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Texas runoff election results: House, Senate, and more

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by By Carla Astudillo, The – 2024-05-28 05:00:00

SUMMARY: Turnout for this year's runoff election in Texas is expected to be low, with the March primary showing lower participation than in 2020, and Republican turnout surpassing Democratic turnout. Domestic mail-in ballots must be postmarked by election day and received by May 29, while military and overseas mail-in ballots must arrive by June 3. Close races may delay the calling of winners due to late-arriving mail-in votes. Counties will certify final election results by June 6. Election data, provided by The Associated Press, is sourced from the Texas Secretary of State, county election sites, and local reporters.

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Turnout in this year's runoff election is expected to be low. The latest data published by the Texas Secretary of State shows that turnout for the March primary was lower than it was in 2020, with Republican voter turnout far outpacing Democratic turnout.

Domestic mail-in ballots turned in and postmarked by election day will be counted if they arrive no later than 5 p.m. on May 29. Mail-in ballots from military and overseas voters must be postmarked by election day and arrive no later than June 3. In close races, mail-in votes help determine the winner, which can delay the calling of the race. The certification of final election results is set to be completed by the counties on June 6.

The Texas Tribune's election data is provided by The Associated Press, which gathers voting information from the secretary of state's office, county election sites and stringers on the ground in Texas. The AP calls winners and provides estimates on how many votes are left to be counted.

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The Texas Tribune is a nonprofit, nonpartisan media organization that informs Texans — and engages with them — about public policy, politics, government and statewide issues.

Texas Tribune

Texas Medical Board adopts abortion guidance

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by By Eleanor Klibanoff, The – 2024-06-21 11:37:24

SUMMARY: The Texas Medical Board has issued new guidance on interpreting the state's abortion laws. The guidelines reduce paperwork but do not specify conditions under which abortions are legal. The Board, responding to concerns from doctors and others, removed a controversial provision about patient transfers. Board Chair Dr. Sherif Zaafran noted that some issues remain unaddressed and emphasized that the board lacks authority to fully resolve them. The guidance mainly details documentation requirements and asserts that doctors can act before a medical emergency becomes imminent. Despite some revisions, critics argue the guidance is still vague and may lead to legal challenges.

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The final guidance

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Initial feedback 

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SCOTUS allows gun restrictions on domestic violence suspects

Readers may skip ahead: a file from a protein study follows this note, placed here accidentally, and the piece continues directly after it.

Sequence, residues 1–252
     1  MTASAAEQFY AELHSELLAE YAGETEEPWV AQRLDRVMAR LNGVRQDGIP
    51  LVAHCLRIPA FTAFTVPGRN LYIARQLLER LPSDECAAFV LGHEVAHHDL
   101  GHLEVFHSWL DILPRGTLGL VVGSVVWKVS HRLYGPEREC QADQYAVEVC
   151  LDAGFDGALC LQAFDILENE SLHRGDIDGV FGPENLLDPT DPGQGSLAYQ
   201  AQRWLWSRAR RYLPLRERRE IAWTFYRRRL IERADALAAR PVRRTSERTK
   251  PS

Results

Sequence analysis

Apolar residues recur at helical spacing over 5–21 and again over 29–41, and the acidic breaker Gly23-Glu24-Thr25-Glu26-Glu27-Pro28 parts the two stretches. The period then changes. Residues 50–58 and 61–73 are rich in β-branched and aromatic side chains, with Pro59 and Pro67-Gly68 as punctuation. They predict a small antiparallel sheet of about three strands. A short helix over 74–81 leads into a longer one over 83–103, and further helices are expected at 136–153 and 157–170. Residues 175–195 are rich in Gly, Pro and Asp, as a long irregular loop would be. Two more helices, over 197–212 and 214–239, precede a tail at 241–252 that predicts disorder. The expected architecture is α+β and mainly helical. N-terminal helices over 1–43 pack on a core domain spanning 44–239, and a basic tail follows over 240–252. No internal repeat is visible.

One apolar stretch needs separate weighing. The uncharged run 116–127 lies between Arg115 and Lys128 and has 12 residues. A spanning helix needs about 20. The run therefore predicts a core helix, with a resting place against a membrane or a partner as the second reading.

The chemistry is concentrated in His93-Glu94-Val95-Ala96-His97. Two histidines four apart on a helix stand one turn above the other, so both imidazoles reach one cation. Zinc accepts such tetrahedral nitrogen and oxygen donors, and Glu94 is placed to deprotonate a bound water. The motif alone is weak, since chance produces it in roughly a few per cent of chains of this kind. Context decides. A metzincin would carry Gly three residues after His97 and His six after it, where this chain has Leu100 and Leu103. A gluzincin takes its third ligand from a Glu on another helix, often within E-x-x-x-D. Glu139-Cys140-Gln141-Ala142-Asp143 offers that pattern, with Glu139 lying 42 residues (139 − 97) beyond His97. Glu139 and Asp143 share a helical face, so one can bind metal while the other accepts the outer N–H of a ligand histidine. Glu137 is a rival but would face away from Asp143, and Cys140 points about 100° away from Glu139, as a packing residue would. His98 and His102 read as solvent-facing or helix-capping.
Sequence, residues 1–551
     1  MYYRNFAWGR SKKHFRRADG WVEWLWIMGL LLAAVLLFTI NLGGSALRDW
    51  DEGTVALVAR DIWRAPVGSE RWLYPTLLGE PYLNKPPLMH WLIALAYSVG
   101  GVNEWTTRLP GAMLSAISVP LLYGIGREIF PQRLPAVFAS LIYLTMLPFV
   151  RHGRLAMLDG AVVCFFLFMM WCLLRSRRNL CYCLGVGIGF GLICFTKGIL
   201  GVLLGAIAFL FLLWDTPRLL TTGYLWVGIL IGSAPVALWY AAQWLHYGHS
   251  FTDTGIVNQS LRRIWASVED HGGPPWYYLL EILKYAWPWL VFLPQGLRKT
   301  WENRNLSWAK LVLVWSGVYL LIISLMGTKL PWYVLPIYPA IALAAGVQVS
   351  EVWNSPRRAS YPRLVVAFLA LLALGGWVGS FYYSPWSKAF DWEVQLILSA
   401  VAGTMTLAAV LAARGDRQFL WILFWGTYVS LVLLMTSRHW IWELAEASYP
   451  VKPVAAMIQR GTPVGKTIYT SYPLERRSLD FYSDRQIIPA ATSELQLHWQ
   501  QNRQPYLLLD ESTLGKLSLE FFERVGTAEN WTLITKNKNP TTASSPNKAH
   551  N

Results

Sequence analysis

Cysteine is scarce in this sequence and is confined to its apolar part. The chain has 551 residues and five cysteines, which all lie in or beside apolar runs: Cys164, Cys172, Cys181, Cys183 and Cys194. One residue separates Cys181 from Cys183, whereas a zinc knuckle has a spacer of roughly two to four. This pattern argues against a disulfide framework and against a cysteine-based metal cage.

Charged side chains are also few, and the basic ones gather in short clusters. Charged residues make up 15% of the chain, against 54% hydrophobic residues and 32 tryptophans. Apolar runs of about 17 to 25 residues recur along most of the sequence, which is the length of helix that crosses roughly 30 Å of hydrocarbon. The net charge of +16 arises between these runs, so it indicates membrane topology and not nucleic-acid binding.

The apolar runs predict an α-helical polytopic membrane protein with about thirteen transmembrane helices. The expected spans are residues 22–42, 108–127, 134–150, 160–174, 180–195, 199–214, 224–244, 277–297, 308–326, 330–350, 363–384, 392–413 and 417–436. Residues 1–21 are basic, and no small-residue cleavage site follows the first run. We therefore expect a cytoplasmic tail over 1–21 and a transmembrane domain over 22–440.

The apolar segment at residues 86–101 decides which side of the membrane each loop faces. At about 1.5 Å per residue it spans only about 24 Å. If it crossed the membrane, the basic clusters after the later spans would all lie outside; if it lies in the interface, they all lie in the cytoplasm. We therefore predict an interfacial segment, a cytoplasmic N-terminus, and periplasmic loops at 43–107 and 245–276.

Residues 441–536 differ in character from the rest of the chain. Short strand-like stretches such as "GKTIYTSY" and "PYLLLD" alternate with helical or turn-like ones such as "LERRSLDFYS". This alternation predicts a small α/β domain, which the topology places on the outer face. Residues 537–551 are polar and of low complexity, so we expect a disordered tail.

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by By William Melhado, The – 2024-06-21 09:37:13

SUMMARY: In an 8-1 decision, the U.S. Supreme Court ruled that protective orders can bar those accused of domestic violence from owning firearms. The case involved Zackey Rahimi, a Texan who argued that restricting firearm access under a domestic violence order was unconstitutional. The ruling overturned a 5th U.S. Circuit Court decision which had favored Rahimi, emphasizing that such firearm laws are consistent with historical regulations preventing harm. Advocates stress that gun presence in domestic violence situations increases homicide risk by 500%. Domestic violence incidents and related homicides in Texas have surged, highlighting the ruling's significance.

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The Texas Tribune is a nonprofit, nonpartisan media organization that informs Texans — and engages with them — about public policy, politics, government and statewide issues.

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Fewer Texas students complete FAFSA after bungled rollout

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by By Sneha Dey, Data reporting by Elijah Nicholson-Messmer, The – 2024-06-21 05:00:00

SUMMARY: Many Texas high school graduates are entering summer without completing the FAFSA, crucial for seeking college financial aid. A revamped form introduced complications, delaying colleges' financial aid timelines. As of June 7, FAFSA completion rates among Texas graduates dropped by 8.8 percentage points, affecting nearly 30,000 students, a sharper decline than during the COVID-19 pandemic. Experts like Bill DeBaun and Bryan Ashton express concerns that fewer FAFSA submissions will reduce college enrollment, especially among low-income students. Despite this, Texas maintains high completion rates due to a 2021 law requiring FAFSA submission for high school graduation. The challenges may additionally cause “summer melt.”

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The Texas Tribune is a nonprofit, nonpartisan media organization that informs Texans — and engages with them — about public policy, politics, government and statewide issues.

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